Posted: Fri 11th Sep 2015
A headline in the Irish Times proclaims: 'Overuse of the word 'entrepreneur' has leached it of all meaning'. So should we stop using it?
In a strong critique technology journalist Karlin Lillington says the real definition of entrepreneur, coined by French economist Jean-Baptiste Say in 1803 and associated with a businessperson who takes risks, looks for opportunity and disrupts markets. has been forgotten.
"The term seems to have become the most tediously overused epithet in business, ever", she adds.
Lillington grew up in what is now the "groovy" heart of Silicon Valley but admits to rarely hearing the word, even to describe early tech pioneers like Bill Gates and Steve Jobs.
But during the 1990s dot com boom 'entrepreneur' became associated with "trendy semi-geek millionaires" obsessed with quirky offices filled with basketballs courts and slides,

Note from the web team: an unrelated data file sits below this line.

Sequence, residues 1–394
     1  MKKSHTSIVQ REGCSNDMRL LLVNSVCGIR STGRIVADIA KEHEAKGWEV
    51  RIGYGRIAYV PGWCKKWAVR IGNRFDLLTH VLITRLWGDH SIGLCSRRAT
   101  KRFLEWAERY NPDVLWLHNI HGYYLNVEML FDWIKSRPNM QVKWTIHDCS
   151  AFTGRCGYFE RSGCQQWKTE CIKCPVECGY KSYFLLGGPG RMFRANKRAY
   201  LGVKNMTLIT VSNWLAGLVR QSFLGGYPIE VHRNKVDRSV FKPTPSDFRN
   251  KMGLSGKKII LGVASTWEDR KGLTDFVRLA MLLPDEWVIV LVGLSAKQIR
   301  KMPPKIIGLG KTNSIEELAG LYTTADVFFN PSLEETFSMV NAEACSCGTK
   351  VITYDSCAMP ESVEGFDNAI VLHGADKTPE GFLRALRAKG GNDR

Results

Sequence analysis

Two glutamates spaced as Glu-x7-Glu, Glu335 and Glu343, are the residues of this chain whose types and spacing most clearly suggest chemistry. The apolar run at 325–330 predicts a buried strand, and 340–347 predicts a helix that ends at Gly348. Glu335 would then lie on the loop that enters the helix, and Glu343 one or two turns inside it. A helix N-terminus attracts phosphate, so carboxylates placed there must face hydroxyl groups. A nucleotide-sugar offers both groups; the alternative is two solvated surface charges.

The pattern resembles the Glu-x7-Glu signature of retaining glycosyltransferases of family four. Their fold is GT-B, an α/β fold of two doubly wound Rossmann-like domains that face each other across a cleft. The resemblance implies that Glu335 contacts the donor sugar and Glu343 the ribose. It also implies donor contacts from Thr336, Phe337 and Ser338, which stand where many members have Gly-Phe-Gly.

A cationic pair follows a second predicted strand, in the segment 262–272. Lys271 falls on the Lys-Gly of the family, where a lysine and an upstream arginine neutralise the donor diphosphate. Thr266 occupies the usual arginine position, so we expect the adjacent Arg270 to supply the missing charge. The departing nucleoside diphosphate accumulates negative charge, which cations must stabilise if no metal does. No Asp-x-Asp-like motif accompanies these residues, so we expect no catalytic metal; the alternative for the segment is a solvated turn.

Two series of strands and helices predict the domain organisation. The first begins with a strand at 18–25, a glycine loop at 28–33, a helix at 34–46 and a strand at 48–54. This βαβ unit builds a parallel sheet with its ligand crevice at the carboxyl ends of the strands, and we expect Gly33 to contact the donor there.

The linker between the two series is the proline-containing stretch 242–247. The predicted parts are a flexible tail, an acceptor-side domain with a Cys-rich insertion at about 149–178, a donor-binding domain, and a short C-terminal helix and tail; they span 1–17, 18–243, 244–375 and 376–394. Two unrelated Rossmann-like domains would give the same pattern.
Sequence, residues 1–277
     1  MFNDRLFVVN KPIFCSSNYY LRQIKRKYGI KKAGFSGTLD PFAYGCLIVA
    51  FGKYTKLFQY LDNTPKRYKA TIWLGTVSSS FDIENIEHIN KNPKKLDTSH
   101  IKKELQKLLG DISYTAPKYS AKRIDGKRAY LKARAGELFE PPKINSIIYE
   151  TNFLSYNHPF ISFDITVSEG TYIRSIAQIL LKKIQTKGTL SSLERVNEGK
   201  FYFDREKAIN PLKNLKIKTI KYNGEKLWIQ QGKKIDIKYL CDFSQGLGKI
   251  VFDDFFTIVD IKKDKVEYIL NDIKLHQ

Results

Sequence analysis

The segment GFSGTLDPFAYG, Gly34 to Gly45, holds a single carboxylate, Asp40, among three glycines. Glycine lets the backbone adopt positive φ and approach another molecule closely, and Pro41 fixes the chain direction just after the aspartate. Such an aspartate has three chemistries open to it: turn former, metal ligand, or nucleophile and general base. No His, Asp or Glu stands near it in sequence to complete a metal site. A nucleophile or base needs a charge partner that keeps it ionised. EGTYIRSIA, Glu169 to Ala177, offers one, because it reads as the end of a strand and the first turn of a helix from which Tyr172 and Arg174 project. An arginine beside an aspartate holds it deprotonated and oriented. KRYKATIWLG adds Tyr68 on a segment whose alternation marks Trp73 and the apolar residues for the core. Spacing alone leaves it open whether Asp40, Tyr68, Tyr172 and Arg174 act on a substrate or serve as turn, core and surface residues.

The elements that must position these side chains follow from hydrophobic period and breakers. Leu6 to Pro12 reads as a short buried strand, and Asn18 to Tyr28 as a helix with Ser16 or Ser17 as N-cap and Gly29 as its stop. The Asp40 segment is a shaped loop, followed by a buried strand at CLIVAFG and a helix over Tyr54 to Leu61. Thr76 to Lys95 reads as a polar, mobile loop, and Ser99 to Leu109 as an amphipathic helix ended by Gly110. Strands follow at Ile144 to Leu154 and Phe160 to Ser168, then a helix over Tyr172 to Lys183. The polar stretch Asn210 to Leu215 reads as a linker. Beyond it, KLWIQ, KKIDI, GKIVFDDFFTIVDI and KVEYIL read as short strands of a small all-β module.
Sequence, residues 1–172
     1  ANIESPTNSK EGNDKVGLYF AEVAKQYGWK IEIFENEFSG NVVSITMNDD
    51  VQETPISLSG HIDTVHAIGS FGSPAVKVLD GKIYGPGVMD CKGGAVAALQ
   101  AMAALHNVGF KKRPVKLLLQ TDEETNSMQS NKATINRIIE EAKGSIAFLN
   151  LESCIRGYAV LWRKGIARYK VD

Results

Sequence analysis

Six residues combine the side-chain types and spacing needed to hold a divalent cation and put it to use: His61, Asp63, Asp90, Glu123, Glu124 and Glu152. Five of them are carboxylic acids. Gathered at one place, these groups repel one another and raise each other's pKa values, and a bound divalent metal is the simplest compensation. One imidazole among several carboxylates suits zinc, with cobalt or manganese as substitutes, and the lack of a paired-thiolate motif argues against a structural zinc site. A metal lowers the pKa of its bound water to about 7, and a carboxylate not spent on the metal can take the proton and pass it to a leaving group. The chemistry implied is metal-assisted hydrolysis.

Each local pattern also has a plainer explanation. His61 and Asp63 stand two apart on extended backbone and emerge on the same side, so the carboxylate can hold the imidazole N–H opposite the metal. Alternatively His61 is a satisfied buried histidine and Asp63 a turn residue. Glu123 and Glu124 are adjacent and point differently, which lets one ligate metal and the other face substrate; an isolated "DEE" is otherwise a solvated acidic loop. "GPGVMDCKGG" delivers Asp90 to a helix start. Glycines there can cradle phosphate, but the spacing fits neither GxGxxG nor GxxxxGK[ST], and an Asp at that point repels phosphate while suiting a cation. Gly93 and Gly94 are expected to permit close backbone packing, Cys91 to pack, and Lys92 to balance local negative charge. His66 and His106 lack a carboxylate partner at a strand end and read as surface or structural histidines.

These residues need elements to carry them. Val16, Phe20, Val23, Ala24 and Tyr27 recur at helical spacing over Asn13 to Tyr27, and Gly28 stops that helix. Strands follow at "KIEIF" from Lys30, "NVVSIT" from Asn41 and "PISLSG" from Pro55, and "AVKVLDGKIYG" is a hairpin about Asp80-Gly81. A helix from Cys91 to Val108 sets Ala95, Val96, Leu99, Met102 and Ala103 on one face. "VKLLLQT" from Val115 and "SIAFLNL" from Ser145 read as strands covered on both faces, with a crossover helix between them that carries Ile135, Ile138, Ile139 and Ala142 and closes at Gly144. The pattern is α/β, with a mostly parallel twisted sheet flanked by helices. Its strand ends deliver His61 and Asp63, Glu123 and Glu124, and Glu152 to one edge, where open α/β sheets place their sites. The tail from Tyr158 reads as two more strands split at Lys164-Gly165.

A decade or so on the term hasn't gone away, Lillington continues. In fact, she says, "it now catches even more people in its parameters, going by people's use of it their LinkedIn profiles".
Everyone who starts something, however small, is now classed as an entrepreneur, she bemoans, so much so that we are "in the midst of an entrepreneurial epidemic" with "a tumbling tsunami of entrepreneurs" that "rain down upon us".
An interesting argument.
We will admit that we use the word 'entrepreneur' a lot. Is that a bad thing?
Many business owners we come across tell us that they don't like the word. It is associated with the likes of Sir Richard Branson and Peter Jones, who run massive business empires, they say, which is someone they have no intention of replicating. For some, being called an entrepreneur is too much pressure. As Lord Sugar once said, the only person who should call you entrepreneur is someone else.
But for others entrepreneur is a hugely positive word and a place to which they want to get and a community they want to be part of.
It's a debate that will never be resolved, but we'd be interested to hear your thoughts.
Do you call yourself an 'entrepreneur'? Or are you a 'small business owner', 'CEO', 'MD' or 'founder'? Or perhaps you prefer 'self-employed'. Or maybe you don't care what you're called; building a great company is what matters. Tell us in the comments below.